Teachers are some of the most hard-working individuals out there. As a former middle school English teacher, I can attest to the countless hours I poured into my students, lesson plans, committees, curriculum nights, and more—well past the normal work day.
With so many teacher shortages across the state, many teachers are feeling overworked and stretched thin, even more than they usually are.
As teacher appreciation week approaches (May 8-12), here are some ways to show some gratitude for your child’s teacher with meaningful and useful gift ideas that they’ll actually want.
- Gift cards – I don’t know any teacher who doesn’t love a gift card, especially if it’s to Target, Amazon, or their favorite coffee shop. Some other great gift card ideas include to a movie theater, local restaurant, Teachers Pay Teachers, or a hobby store such as Hobby Lobby, Home Depot, Lowes, JoAnns or Michaels.
- Handwritten notes – There’s nothing better than a heartfelt note from a student or parent. I can’t tell you how many of these I saved because they truly meant the most to me. I would reread them on an extra challenging day or over the summer when I was contemplating whether I wanted to return to the profession. Encourage your child to write down what they like about their teacher, a lesson or activity that stands out to them, or how they felt encouraged/supported by their teacher this year. Those notes are still some of my most cherished items.
- Classroom supplies – Most teachers stock their classrooms with their own money. Put together a cute little basket of classroom supplies and it can go a long way! Some of the most appreciated supplies include: copy paper, white board markers, tissues, disinfecting wipes, pencils, erasers, markers, tape, glue sticks, construction paper, page protectors, and sticky notes.
- Self-care items – After a busy and stressful school year, teachers look forward to taking it easy and relaxing over the summer. Help them unwind by giving them some self-care gifts such as an aromatherapy body wash, some hydrating face masks, bath bombs, or even going in with some other students’ families to get them a spa package such as a massage, facial, or pedicure.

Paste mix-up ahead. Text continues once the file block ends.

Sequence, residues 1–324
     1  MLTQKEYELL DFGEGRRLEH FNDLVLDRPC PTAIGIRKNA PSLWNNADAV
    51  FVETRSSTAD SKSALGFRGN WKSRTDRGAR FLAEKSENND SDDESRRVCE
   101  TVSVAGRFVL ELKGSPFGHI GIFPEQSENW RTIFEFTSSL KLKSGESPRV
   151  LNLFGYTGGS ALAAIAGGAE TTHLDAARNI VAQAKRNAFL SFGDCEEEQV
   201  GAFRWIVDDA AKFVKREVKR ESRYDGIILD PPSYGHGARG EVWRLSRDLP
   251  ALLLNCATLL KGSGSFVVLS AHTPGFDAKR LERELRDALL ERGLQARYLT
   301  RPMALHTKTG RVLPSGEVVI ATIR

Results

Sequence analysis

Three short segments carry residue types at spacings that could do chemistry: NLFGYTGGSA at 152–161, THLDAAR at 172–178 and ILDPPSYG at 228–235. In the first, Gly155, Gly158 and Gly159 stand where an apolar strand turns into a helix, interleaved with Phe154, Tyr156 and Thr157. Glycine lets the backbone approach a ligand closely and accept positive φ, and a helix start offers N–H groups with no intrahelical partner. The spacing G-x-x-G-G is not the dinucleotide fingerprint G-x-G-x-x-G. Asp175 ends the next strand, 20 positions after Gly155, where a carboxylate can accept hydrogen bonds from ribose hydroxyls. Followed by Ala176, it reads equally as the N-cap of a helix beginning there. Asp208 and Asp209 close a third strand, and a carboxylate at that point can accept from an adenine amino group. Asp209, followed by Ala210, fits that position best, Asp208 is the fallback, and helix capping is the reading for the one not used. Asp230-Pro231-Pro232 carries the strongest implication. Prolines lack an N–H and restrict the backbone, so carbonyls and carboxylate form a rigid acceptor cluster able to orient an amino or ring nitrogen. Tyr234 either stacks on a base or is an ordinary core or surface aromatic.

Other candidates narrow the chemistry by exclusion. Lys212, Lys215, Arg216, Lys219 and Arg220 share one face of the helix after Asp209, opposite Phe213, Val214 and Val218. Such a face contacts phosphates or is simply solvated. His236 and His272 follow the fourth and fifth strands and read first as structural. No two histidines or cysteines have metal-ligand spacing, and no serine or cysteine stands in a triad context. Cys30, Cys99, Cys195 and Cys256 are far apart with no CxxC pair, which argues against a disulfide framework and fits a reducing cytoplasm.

- Snacks – The end of the school year can feel like a drag. Put together a basket of the teacher’s favorite snacks to help get them through those last few weeks of chaos. This might include chips, crackers, popcorn, granola bars, fruit snacks, and chocolate—something for a quick pick-me-up on those hectic days where they might have skipped a meal.
Gifts to Avoid:
- Mugs—they probably already have too many!
- Homemade baked goods—unless the teacher really knows your family well, it’s likely they won’t eat the homemade treat.
- Clothing—it can be awkward to try and guess a teacher’s size and/or style, so better to skip giving clothing items as a gift.
Tips if You Have Multiple Kids or Kids Who Have Multiple Teachers:
If you have more than one child, it can get expensive giving gifts to all their teachers. The same can go for if your child rotates classes throughout the day and has several teachers.
Here are some ways to cut costs:
- If your child has more than one teacher, have them select their favorite teacher to give a gift to and write notes to the others
- If you have multiple kids all at the same school, consider volunteering to help organize any teacher appreciation events or bring in a collective gift such donuts, bagels, or a box of Crumbl cookies to the teacher’s lounge.
However you plan to honor a teacher during Teacher Appreciation Week, one thing’s for sure, a simple gift or and token of appreciation will mean more to them than you know!